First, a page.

None of us are saying that we need to proselytize godlessness in the classroom, or that we need NCSE or NAS to hinge their defense of evolution on making it hostile to religion. We're saying the exact opposite. It's getting a little tiresome to have to deal with people who ignore our plain speech to insist that we're conspiring to violate the separation of church and state.
We do think science has an effect of encouraging students to question dogma, because by necessity all of science must be about inquiry into everything, but we also do not directly criticize religion in the context of our classes because we're confident that we do not need to. If a religion contradicts reality, presenting reality is all it will take. However, it's going to be even harder to teach science when clueless gobshites like Ruse are busy promoting an interpretation of the first amendment that means that if a religion teaches that the sky is green, teachers are not allowed to mention that the sky is blue in class for fear of endorsing an idea "hostile to religion".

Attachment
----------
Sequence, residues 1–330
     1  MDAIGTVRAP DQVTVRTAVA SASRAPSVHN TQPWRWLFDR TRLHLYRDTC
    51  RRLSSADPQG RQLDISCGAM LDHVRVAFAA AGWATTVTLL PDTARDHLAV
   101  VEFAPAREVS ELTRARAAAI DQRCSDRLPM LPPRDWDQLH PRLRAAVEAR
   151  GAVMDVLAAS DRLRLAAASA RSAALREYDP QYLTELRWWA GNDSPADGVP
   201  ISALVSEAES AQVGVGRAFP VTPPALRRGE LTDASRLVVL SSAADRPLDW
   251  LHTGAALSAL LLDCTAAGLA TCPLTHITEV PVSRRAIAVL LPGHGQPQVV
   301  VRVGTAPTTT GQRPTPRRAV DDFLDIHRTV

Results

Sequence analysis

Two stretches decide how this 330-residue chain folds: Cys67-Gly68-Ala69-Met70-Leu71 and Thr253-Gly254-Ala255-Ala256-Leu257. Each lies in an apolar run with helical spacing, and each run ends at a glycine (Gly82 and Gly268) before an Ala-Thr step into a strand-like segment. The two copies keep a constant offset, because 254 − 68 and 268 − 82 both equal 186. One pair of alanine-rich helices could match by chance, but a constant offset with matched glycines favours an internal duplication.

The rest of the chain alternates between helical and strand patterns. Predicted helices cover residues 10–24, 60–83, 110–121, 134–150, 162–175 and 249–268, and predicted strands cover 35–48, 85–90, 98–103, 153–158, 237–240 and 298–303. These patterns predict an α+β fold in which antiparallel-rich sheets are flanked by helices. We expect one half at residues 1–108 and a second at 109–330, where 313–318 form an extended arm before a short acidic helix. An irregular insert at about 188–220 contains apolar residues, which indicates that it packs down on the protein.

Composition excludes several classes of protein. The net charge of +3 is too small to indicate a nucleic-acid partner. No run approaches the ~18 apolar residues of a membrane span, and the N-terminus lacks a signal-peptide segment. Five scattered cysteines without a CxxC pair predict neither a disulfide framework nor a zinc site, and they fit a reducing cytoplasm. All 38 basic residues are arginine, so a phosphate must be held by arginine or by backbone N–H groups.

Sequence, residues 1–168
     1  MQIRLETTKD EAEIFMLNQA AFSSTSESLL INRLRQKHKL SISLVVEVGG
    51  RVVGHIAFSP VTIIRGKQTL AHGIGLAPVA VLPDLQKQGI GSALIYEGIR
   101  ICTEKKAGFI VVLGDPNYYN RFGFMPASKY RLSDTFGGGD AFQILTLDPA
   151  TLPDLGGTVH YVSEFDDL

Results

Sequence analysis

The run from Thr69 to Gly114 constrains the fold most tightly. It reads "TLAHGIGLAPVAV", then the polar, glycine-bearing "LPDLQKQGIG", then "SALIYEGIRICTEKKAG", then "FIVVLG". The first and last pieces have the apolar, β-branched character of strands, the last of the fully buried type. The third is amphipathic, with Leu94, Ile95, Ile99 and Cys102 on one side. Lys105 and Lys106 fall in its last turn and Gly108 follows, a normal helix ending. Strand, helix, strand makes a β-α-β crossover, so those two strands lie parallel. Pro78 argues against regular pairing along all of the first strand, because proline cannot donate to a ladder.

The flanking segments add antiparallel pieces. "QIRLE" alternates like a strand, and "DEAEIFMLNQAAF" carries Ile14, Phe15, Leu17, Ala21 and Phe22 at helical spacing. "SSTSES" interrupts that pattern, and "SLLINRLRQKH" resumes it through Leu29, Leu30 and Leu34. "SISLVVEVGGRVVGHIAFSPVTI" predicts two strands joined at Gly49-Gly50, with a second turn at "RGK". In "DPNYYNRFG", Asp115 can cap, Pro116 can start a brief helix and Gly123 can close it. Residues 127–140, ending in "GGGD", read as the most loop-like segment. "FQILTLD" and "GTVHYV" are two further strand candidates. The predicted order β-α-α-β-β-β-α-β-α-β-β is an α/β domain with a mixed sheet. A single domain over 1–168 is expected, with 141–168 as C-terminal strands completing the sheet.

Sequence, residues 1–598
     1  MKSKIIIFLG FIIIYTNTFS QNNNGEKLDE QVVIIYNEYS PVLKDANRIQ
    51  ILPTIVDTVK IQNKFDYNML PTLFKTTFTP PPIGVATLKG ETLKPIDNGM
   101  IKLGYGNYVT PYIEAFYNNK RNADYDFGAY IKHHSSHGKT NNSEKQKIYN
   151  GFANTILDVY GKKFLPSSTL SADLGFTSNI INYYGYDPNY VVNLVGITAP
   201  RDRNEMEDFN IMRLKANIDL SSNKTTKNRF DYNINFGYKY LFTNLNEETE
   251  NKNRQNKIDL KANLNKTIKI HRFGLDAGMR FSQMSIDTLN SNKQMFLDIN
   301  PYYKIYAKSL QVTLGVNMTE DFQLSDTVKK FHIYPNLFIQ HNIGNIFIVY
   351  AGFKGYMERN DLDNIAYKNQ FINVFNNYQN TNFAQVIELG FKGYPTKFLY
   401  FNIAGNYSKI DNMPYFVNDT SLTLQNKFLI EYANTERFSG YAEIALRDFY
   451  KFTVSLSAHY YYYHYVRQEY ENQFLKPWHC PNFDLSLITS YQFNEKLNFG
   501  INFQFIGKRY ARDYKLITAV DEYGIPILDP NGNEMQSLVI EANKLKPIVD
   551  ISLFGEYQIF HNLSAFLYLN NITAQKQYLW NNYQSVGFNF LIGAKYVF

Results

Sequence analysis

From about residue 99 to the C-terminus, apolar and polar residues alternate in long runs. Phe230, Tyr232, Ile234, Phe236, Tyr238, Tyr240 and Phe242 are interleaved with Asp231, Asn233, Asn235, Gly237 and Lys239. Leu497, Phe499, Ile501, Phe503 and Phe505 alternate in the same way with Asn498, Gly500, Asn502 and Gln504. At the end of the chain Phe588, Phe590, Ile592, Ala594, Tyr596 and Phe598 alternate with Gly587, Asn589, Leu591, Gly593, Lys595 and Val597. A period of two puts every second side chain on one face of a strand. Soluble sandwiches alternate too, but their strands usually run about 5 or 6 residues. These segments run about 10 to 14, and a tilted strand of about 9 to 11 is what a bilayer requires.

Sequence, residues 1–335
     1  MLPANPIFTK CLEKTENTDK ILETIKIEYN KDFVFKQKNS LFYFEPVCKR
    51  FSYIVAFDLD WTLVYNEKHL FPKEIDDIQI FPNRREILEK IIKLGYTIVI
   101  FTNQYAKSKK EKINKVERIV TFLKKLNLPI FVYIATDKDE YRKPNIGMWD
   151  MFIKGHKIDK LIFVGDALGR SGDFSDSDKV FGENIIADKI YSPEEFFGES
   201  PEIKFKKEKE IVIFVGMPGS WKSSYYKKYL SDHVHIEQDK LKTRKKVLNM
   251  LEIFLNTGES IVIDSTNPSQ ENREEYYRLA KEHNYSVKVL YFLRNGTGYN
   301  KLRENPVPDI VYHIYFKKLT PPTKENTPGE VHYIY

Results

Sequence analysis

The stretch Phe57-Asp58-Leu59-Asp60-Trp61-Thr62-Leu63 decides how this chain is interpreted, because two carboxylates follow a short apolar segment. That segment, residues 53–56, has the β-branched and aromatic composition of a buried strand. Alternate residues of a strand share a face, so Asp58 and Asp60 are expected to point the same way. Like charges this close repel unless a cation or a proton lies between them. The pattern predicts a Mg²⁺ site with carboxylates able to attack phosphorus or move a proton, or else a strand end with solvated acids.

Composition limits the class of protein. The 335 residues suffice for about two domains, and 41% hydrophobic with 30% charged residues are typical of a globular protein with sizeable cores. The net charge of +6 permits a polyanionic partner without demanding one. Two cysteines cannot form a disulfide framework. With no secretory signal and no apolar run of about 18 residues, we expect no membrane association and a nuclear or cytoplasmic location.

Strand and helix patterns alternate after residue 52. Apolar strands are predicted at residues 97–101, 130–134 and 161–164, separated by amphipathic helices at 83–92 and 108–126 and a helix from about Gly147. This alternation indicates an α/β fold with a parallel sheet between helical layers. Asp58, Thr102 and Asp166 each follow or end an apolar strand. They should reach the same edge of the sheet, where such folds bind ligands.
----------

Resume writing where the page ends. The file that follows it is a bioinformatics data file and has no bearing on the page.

Furthermore, the root of our opposition to the accommodationist stance taken by these scientific organizations isn't that it is insufficiently atheistic — do we need to say again that that is not what we're aiming for? — but that they are promoting a specific sectarian religion instead. I don't hold with theistic evolution myself, obviously, but neither do the fundies at Answers in Genesis, or Reasons to Believe, or any of the other creationist organizations. They can quite rightly point at what NCSE is doing, and it is saying that a certain narrow range of beliefs, in particular liberal Christian theology, are acceptable, but the Seventh Day Adventists, the Southern Baptists, the Wisconsin Synod of the Lutheran Church, the fundamentalist Muslims, and the atheists, etc., etc., etc., are all wrong. You can be a certain kind of Christian and have beliefs that do not directly conflict with evolution.